South Sudan, 25 April 2013: Use of long lasting insecticide - treated bed nets is key to cutting malaria deaths and illness - UNICEF
Juba, South Sudan 25 April 2013 – South Sudan today joined the rest of the world to mark the World Malaria Day. The day, themed “Invest in the future, defeat Malaria,” is commemorated every year to bring attention to one of the largest killer diseases of children and pregnant women globally.
An estimated 660,000 people-most of whom are African children die every year from Malaria. Most of these deaths are preventable if people would be keen on using long-lasting insecticide treated nets.
“Malaria is one of the biggest killer diseases in South Sudan especially in children and pregnant women. As we commemorate World Malaria Day, we need to rededicate and renew political commitment, advocate and mobilize resources to combat this dangerous disease,” said Dr Emmanuel Ijja Baya, The Minister of Health, Central Equatoria State.
Malaria is endemic in over 95% of South Sudan and contributes to 20-30% of health facility attendance during low season and up to 70% during peak season, mostly affecting children under the age of five.
“It is unacceptable for children to continue dying from a disease that is preventable and curable. There is an urgent need to mobilize and sensitize communities on the need and importance of using long lasting insecticide treated bed-nets,” said UNICEF’s Representative Dr Yasmin Ali Haque
With partners, UNICEF supports the Ministry of Health to undertake the free distribution of long lasting insecticide-treated nets, train and provide community health workers with simple tools such as malaria rapid diagnostic tests and provision of intermittent preventive treatments aimed at reducing maternal and neonatal deaths.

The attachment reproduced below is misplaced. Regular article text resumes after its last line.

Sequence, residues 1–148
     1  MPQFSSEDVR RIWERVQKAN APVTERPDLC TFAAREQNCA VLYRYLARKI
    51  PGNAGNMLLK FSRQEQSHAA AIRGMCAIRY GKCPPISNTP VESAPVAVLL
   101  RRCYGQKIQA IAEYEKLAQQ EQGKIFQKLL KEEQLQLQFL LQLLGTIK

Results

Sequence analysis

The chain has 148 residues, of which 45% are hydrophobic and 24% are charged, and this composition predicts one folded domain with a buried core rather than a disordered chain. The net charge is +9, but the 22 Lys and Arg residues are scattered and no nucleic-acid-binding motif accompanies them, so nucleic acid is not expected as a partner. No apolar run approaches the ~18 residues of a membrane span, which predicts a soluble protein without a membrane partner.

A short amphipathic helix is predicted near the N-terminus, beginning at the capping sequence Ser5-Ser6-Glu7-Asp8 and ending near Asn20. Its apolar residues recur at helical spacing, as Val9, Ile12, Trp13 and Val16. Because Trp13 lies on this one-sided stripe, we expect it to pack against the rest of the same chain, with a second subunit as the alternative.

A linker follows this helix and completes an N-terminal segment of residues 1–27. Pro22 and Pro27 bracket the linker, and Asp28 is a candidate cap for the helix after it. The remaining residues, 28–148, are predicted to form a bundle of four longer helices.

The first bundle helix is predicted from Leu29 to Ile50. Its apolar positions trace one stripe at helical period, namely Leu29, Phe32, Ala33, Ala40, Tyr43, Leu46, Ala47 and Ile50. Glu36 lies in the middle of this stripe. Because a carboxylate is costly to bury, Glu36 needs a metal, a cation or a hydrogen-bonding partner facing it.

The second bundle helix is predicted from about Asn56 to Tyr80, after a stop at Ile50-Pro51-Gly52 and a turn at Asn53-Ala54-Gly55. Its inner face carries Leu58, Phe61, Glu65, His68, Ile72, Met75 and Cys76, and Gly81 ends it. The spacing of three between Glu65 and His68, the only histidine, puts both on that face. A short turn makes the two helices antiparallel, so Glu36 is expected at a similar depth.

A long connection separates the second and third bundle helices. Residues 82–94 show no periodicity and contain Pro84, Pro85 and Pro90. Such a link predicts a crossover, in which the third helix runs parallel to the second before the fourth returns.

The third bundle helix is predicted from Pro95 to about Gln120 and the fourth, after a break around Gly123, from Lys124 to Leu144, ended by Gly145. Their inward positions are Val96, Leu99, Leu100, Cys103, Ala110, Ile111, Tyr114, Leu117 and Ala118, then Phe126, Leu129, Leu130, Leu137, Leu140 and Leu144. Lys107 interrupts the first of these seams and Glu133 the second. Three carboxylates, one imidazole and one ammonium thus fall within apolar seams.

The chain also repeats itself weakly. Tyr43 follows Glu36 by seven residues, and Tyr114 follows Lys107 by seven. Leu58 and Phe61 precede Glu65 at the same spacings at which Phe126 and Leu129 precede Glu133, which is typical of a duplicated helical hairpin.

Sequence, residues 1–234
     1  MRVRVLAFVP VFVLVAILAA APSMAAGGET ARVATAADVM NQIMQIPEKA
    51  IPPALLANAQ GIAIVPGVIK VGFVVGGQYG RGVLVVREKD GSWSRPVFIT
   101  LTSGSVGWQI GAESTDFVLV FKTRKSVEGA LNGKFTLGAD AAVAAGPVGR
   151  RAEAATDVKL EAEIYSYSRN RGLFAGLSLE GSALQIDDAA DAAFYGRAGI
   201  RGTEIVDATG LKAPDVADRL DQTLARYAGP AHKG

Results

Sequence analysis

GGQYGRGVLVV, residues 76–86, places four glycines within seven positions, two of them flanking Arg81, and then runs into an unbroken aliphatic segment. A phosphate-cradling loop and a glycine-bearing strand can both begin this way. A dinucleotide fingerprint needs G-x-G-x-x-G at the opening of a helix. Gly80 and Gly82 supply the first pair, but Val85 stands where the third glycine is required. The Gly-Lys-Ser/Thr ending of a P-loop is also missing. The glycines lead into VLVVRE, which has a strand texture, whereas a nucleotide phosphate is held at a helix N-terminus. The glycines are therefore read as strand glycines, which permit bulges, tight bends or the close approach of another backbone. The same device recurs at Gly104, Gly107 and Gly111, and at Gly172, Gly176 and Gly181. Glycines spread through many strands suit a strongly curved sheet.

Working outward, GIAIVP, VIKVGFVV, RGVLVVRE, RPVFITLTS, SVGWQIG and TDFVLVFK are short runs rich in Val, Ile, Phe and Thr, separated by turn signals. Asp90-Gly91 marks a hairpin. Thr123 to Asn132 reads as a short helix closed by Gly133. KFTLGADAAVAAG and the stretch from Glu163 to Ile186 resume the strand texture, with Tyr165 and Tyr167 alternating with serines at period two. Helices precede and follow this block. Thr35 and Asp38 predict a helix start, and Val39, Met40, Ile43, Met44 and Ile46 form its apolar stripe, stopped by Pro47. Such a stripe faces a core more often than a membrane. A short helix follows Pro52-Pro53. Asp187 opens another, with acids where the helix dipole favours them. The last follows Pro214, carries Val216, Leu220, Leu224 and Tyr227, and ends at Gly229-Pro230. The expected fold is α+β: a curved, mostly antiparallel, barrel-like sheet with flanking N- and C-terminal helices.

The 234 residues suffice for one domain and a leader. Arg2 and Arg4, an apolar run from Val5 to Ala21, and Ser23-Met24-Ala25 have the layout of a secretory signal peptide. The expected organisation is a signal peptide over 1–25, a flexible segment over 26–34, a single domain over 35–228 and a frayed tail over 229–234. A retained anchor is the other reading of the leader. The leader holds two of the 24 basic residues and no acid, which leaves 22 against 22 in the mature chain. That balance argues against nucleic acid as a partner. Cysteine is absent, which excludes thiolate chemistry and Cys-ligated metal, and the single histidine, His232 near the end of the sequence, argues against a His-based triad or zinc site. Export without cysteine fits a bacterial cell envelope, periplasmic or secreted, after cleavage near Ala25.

In the last two years UNICEF has distributed over one million long lasting insecticide treated bed nets throughout South Sudan. When the universal coverage – one net for every two people – is reached, this simple yet effective barrier can reduce child mortality by up to 20 per cent. This year, UNICEF will procure 1,000,000 ITNs for the integrated community case management. The priority will be to cover mothers and children less than 5 years.
Fighting malaria not only saves the lives of children, but also yields many other health and economic benefits for affected communities. For example, reducing malaria improves the health of pregnant mothers and that of their newborn babies.
UNICEF works in more than 190 countries and territories to help children survive and thrive, from early childhood through adolescence. The world’s largest provider of vaccines for developing countries, UNICEF supports child health and nutrition, good water and sanitation, quality basic education for all boys and girls, and the protection of children from violence, exploitation, and AIDS. UNICEF is funded entirely by the voluntary contributions of individuals, businesses, foundations and governments. For more information about UNICEF and its work visit: www.unicef.org
UNICEF is one of the world’s largest global procurers and deliverers of long-lasting insecticide treated nets with over 200 million nets procured between 2000 and 2012 in over 40 countries. UNICEF is also a recognized leader in monitoring and evaluation of malaria control activities and is focusing on improving data quality in country. As a lead procurer of medicines and life-saving commodities for children, UNICEF is using its market shaping power to ensure increased access and affordability.
For further information, please contact:
Mercy Kolok, Communication Officer, UNICEF South
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